Scientists Unearth Galactic-Sized Black Hole Now Directly Facing Our Planet

© AFP 2023 / EUROPEAN SOUTHERN OBSERVATORYSurroundings of the supermassive black hole at the heart of the active galaxy NGC 3783 in the southern constellation of Centaurus (The Centaur)
Surroundings of the supermassive black hole at the heart of the active galaxy NGC 3783 in the southern constellation of Centaurus (The Centaur) - Sputnik International, 1920, 28.03.2023
An international team of scientists at the Royal Astronomical Society can boast of having made a groundbreaking discovery regarding a galaxy situated 657 million light-years away from our planet Earth. After noticing the galaxy's peculiar properties, they undertook further observations.
A recent stunning discovery by a team of scientists has left them both excited, but also rather concerned. The fact is, a supermassive black hole hidden away in a distant galaxy has changed its direction, swiveling by about 90 degrees, the international astronomers found.
Situated 657 million light-years away in the PBC J2333.9-2343 galaxy, at the core of a “blazar”, this hole has changed its direction. Now, it is facing Earth, researchers at the Royal Astronomical Society discovered.
Now, for those wondering what a blazar is, its a type of super-bright object called an active galactic nuclei (AGN) that is powered by such material as gas, dust, or stars falling onto it. Blazars generate relativistic jets comprised of ionized matter.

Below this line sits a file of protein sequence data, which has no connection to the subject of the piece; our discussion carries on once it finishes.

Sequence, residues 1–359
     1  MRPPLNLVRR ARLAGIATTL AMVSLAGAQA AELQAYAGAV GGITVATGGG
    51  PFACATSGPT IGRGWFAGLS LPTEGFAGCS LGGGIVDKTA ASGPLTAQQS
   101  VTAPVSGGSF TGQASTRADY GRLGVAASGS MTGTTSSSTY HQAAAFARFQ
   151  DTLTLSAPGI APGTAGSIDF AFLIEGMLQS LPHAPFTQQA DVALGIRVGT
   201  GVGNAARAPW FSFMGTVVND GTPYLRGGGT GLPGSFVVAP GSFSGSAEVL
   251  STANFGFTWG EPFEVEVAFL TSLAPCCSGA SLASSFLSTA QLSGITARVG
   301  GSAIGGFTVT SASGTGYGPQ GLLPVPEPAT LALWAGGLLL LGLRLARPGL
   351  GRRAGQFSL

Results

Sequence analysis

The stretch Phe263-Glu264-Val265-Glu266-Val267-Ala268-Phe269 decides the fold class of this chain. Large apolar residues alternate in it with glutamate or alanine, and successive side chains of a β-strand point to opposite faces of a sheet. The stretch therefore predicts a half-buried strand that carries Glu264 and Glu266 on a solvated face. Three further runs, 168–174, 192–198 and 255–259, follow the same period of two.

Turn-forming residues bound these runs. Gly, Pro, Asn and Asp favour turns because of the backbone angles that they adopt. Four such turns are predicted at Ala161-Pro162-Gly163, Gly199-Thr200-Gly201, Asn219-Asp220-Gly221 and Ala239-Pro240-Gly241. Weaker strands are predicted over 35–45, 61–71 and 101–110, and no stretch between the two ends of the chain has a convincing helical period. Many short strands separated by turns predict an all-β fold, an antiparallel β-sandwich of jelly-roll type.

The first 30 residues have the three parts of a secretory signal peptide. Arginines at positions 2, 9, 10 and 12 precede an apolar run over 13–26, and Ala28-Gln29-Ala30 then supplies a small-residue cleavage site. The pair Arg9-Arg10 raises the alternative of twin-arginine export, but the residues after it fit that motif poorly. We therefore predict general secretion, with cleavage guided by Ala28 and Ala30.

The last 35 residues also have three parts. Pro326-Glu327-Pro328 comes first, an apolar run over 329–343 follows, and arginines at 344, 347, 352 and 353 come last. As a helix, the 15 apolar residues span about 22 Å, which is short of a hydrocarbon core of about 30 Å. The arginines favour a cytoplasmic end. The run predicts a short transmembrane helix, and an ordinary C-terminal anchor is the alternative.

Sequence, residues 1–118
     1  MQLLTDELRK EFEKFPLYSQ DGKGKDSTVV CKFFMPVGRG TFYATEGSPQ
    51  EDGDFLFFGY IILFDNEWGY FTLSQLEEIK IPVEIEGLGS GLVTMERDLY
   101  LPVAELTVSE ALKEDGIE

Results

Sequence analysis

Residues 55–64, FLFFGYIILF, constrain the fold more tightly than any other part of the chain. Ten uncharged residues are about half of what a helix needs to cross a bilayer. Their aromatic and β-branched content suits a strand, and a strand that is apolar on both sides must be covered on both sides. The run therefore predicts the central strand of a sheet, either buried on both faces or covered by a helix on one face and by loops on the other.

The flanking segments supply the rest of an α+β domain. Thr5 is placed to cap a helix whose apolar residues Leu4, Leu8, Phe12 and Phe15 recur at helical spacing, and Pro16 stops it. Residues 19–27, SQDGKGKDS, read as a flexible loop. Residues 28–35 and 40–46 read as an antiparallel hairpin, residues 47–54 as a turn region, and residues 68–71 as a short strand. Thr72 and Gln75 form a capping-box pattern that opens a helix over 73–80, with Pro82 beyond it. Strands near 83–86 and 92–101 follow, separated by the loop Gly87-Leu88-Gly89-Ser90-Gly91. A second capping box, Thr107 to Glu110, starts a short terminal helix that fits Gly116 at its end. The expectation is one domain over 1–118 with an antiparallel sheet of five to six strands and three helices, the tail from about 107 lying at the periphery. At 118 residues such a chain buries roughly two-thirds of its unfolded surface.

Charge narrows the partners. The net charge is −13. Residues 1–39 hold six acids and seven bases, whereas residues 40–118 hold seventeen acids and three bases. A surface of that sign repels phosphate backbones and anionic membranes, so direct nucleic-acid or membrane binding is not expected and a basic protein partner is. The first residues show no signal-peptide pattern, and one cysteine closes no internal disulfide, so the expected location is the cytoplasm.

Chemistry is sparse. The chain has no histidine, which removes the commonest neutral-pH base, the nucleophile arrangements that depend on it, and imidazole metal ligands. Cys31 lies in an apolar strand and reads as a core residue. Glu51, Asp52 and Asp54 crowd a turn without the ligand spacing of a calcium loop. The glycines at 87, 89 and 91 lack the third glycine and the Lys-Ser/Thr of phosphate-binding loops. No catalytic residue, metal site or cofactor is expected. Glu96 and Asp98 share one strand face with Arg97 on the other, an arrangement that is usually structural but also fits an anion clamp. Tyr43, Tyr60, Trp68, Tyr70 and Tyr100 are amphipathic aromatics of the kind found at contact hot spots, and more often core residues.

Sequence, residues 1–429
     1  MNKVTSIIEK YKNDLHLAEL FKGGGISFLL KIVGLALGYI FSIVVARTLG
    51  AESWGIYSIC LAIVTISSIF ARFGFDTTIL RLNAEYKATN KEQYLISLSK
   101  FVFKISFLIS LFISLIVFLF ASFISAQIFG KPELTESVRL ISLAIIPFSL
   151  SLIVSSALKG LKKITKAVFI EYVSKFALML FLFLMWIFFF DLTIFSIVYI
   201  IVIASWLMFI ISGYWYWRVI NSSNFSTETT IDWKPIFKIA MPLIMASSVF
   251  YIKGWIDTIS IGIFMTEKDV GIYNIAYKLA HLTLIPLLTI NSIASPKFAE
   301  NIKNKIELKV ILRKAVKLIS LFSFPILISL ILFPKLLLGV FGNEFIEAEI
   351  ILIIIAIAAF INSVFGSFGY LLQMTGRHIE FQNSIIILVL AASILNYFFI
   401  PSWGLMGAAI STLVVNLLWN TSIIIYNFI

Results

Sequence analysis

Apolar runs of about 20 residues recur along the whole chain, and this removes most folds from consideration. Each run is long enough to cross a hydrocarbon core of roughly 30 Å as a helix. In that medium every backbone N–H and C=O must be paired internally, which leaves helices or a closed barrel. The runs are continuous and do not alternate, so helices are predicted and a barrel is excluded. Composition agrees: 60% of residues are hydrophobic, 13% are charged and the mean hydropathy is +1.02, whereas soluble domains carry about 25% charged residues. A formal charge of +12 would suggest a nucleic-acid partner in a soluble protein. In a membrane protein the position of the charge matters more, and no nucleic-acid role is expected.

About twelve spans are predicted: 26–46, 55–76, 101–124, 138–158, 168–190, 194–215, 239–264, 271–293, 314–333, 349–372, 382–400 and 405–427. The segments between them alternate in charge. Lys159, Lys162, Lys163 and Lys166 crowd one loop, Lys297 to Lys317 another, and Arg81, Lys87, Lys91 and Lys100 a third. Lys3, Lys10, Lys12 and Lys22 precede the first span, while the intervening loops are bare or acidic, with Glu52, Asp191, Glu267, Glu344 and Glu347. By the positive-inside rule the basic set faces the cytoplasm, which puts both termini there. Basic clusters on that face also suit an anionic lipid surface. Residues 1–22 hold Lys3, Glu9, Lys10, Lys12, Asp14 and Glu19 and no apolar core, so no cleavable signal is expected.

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In this case, the astronomers were observing the galaxy in question, classified as a radio galaxy, but found it to have odd characteristics. Resorting to a broad array of radio, optical, infrared, x-ray, ultraviolet and gamma ray telescopes, including Germany's 100m-Radio Telescope Effelsberg at the Max Planck Institute for Radio Astronomy, the researchers studied the distant galaxy in electromagnetic spectrum.
After they compared the properties of PBC J2333.9-2343 with other samples of blazars, the scientists concluded that this particular supermassive black hole's relativistic jet had shifted its direction.

"We started to study this galaxy as it showed peculiar properties. Our hypothesis was that the relativistic jet of its supermassive black hole had changed its direction, and to confirm that idea we had to carry out a lot of observations,” Dr. Lorena Hernández-García, researcher at the Millenium Institute of Astrophysics and lead author of the study, told the press.

As to just what triggered this change in direction of the jets, scientists have speculated it could have been anything from a merger with another galaxy or object, to a strong burst of galactic nucleus activity. Further studies and observations will show just how this rotation of a black hole might impact our own galaxy - the Milky Way.
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